THE GOOD WIFE (CBS)
The song: Other Lives, “Dust Bowl III”
The episode: “Long Way Home” (317)
The hook: Like Elena, Alicia Florrick (Julianna Margulies) was also recently looking down the barrel of change. Confronted with a possible eviction, she had the chance to return to the house she’d spent some of her happiest years with her estranged husband. The Oklahoma indie outfit’s migration anthem (“We are on are way, we are on our way”) played as she walked through the house, a much different person from the last time she’d been there. The plea “Is there any one to get this writing off the wall?” was particularly evocative as Alicia looked at the lines she had drawn on the kitchen cupboard wall to mark her growing children’s heights. She scanned up, landing on her the line marked “Mom,” and broke down. In a moment when Alicia had just learned that one of her colleagues from Lockhart/Gardner was pregnant and leaving the firm, it struck a chord in Alicia as she questioned her own priorities and decisions in life.
RINGER (The CW)
The song: Digital Daggers, “Surrender”
The episode: “What We Have Is Worth The Pain” (117)
The hook: On March 13, Good Twin Bridget (Sarah Michelle Gellar) was in the middle of a make-or-break moment with Andrew (Ioan Gruffudd), the man she loves — also her Evil Twin Siobhan’s husband, natch. He had just uttered the episode title-inspiring affirmation to her when a trio of shots (not Digital Daggers, alas) took him down. In a cruel twist of fate, the moment was potentially make and break as Andrew had jumped in front of the bullet to save Bridget. The L.A. electrancers’ rumination on secrets, disguises, and breakdowns would probably fit into just about any moment on this twintense sudser, but this cliffhanger may have had the highest stakes yet.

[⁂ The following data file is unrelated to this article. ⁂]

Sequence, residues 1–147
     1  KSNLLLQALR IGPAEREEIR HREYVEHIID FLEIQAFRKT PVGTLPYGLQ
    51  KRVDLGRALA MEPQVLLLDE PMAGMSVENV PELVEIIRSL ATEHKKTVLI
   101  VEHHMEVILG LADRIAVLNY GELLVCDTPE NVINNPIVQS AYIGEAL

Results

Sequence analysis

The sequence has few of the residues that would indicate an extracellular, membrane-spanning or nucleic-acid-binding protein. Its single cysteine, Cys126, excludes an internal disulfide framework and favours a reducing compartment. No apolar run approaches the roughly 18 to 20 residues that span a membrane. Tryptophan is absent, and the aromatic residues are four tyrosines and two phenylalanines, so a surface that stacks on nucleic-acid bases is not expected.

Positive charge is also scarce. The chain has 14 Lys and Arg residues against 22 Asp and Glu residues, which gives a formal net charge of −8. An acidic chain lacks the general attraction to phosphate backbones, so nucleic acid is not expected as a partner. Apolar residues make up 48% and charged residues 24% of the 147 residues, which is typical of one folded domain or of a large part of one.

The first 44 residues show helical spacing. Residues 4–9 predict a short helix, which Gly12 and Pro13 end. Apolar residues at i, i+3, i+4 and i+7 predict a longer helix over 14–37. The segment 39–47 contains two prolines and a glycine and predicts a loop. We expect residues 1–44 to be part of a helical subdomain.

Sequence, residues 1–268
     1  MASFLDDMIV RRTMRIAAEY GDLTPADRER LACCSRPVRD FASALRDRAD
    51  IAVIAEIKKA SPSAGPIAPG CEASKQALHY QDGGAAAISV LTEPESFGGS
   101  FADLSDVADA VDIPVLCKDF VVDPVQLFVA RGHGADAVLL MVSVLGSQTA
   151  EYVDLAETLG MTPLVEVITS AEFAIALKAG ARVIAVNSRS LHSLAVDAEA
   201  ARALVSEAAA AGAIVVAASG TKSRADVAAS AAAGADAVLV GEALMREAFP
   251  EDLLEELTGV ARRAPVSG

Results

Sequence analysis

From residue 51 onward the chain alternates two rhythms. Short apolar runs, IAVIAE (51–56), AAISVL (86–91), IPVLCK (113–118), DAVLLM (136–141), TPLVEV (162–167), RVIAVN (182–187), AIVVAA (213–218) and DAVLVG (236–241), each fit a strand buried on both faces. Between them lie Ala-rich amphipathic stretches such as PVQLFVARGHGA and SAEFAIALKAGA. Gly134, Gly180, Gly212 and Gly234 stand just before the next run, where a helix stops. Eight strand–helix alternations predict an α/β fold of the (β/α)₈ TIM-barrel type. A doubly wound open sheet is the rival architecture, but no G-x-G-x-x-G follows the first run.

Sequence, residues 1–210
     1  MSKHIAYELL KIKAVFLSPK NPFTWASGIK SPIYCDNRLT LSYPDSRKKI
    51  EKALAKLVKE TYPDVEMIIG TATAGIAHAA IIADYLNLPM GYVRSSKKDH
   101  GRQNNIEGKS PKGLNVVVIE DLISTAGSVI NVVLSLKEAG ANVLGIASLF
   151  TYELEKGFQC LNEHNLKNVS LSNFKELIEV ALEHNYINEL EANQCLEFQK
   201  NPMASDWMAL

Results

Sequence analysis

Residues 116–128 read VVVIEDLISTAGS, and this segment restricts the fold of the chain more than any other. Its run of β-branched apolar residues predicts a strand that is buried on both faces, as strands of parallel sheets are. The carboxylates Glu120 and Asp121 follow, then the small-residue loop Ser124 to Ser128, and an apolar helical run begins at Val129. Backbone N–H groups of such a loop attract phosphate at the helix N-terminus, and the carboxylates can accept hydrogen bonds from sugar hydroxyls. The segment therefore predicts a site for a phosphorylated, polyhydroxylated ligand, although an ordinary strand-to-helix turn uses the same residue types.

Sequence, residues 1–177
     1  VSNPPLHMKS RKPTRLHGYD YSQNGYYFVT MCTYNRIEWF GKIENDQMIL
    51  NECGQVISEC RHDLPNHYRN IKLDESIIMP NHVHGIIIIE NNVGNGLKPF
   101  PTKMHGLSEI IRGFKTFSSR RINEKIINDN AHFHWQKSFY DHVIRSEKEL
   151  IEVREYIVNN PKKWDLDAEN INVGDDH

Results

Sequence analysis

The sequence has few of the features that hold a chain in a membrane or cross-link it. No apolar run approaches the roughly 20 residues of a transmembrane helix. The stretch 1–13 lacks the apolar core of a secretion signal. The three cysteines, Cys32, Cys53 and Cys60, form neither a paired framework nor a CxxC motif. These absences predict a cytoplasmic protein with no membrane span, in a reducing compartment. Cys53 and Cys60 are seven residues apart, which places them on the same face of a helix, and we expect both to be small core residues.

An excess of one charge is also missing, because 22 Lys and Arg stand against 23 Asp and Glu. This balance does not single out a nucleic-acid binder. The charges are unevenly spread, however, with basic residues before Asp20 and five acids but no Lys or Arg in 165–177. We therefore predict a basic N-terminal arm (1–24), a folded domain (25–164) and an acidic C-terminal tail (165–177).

The song: INXS Feat. Andrew Farriss & Kirk Pengilly, “Don’t Change”
The episode: “At the Movies” (509)